{[ promptMessage ]}

Bookmark it

{[ promptMessage ]}

Lecture 11

Lecture 11 - FST 1 – Main topics – Lecture 11 Food...

Info iconThis preview shows page 1. Sign up to view the full content.

View Full Document Right Arrow Icon
This is the end of the preview. Sign up to access the rest of the document.

Unformatted text preview: FST 1 – Main topics – Lecture 11 Food Additives – Preservatives ‐ Antimicrobials: prevent spoilage from bacteria, molds, yeasts ‐ Others: : ‐ slow or prevent changes in color, flavor, or texture ‐ delay lipid oxidation (antioxidants) ‐ maintain freshness Antimicrobial compounds may inhibit the growth (Bacteriostatic and Fungistatic) or kill (Bactericidal and Fungicidal) microorganisms. At the levels commonly used, most preservatives stop the growth of microorganisms. Examples of preservatives are salt (oldest preservative known) and some organic acids: Organic acids Found in Active against Acetic acid Vinegar Bacteria, yeasts Benzoic acid Cranberries Fungi Lactic acid Fermented foods Bacteria Propionic acid Swiss cheese Yeasts, molds, some bacteria Propionic acid is frequently used as antimicrobial agent in baked goods. It may be added directly to bread dough; it has no effect on baker’s yeast. Foodborne Illnesses: Intoxications and Infections Foodborne illness: disease caused by consuming contaminated foods or beverages. It can be infections or of toxic nature. More than 250 different foodborne diseases have been described. Every person is at risk of foodborne illness. Foodborne INFECTIONS are caused by pathogens (disease –causing microorganism: bacteria, parasites, viruses). Foodborne INTOXICATIONS are caused by toxins or chemicals that have contaminated the food. Throughout history humans learnt to recognize what was safe to eat (FOOD), and what could be harmful to the body (POISONS). Poison or Toxicant: chemical that is harmful to living organisms. Food Toxicology: study of toxicants found in foods Paracelsus (1493 –1541) “all substances are poisons”. The right dose differentiates a poison and a remedy” Potential Sources of Toxicants in Food Nutrients Naturally occurring food toxicants Contaminants Chemicals intentionally added to food Chemicals formed during food preparation or processing Overall, when obtained directly from natural foods, nutrients do not pose any significant health problems. Some exceptions are: vitamin A, vitamin D. Toxicity symptoms due to consumption of vitamin A in excess include: birth defects, hair loss, skin disorders, bone pain, fractures. Prevention: limit consumption of vitamin A rich foods (such as liver), avoid megadose vitamin supplements. Naturally occurring food toxicants ‐ Plant toxins. Two examples: Oxalic acid; Cyanogenic compounds Rhubarb leaves contain toxic levels of oxalates; consumption may result in kidney damage. Cyanogenic glycosides : naturally occurring compounds that release hydrogen cyanide (highly toxic ) when broken down. Symptoms of intoxication are: mental confusion, muscular paralysis, respiratory problems. Examples of plants containing cyanogenic glycosides are cassava roots, lima beans. ‐ Animal toxins. Ex.: Ciguatera fish poisoning. This illness is caused by eating fish that contain toxins, such as ciguatoxins, which are produced by marine microalgae. Many finfish can accumulate these toxins through their diet. Usual sources are barracuda, grouper, snapper, but more than 400 fish species are affected. Symptoms of ciguatera fish poisoning include nausea, vomiting, neurological symptoms, tingling fingers or toes. Ciguatera has no cure. Symptoms usually go away in days or weeks but can last foryears. Contaminants: pesticide residues; animal drugs (hormone and antibiotic residues); environmental chemicals. Many pollutants can contaminate food production areas: animal and industrial waste; human sewage; other runoff. Methyl Mercury is an environmental contaminant; it is toxic to the nervous system. Fish absorb methyl mercury from the environment. Predatory fish can accumulate high levels of the toxicant; ex.: swordfish, king mackerel. High levels of mercury have also been found in canned white, or albacore. However, canned light tuna (skipjack tuna, a medium sized tuna) is generally safer. Melamine is an industrial chemical widely used. In 2007, melamine was found in pet foods (containing imported ingredients) sold in the United States. A large number of pets died due to kidney failure. In 2008, powdered baby formula tainted with melamine sickened about 300,000 Chinese babies, many with severe kidney problems. Some contaminants can be introduced to food through migration from food packaging. An emerging contaminant is bisphenol‐A (BPA). BPA is used to make some types of plastic bottles, such as baby bottles, and also in the lining of most food cans. Among many adverse effects, BPA may cause developmental and reproductive problems. Recently the NIH (National Institutes of Health) reported concerns that BPA can affect the brain, behavior and prostate gland in children Foodborne intoxication can also be associated with microbial toxins, such as toxins produced by the bacterium Staphylococcus aureus. Foodborne INFECTIONS (see reading 6 listed below). The leading cause of bacterial foodborne illness is Salmonella, and among foodborne viral infections, Noroviruses. Readings 1. McGee p. 258‐261 (Toxins in some fruits and vegetables; Fresh produce and food poisoning) 2. McGee p. 395‐306 (Cassava) 3. McGee p. 367 (Rhubarb) 4. McGee p. 184‐187 (Health Hazards) 5. Mercury in fish (pdf file posted on the course web page) 6. Food Safety‐USDA (pdf file posted on the course web page) ...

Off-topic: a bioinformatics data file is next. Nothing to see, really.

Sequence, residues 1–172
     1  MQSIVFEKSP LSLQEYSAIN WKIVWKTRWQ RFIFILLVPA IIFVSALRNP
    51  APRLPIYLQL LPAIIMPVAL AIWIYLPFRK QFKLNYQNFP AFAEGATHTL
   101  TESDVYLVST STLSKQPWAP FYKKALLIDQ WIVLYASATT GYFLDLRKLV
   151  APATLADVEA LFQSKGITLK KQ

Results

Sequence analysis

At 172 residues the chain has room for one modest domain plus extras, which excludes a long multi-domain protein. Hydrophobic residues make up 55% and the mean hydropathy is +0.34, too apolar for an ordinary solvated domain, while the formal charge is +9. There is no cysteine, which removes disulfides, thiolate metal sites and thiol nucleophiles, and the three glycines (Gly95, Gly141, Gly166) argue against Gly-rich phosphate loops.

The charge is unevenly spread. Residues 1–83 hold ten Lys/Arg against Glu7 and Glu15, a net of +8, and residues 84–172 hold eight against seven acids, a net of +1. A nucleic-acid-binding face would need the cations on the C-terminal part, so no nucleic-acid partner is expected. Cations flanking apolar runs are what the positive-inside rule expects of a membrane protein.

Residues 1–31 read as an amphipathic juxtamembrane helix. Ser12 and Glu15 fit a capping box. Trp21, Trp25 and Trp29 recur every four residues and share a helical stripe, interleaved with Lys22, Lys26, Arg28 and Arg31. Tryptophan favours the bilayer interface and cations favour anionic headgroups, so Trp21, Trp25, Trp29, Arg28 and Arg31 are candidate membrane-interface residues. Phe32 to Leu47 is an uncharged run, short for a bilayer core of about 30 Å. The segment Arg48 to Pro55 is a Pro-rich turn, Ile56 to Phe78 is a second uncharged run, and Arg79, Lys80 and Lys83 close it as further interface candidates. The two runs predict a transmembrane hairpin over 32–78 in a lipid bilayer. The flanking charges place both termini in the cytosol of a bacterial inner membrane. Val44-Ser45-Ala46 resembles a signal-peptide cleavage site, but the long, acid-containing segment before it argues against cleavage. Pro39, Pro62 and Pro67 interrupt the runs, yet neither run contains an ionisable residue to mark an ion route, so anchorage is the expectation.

View Full Document

{[ snackBarMessage ]}

Ask a homework question - tutors are online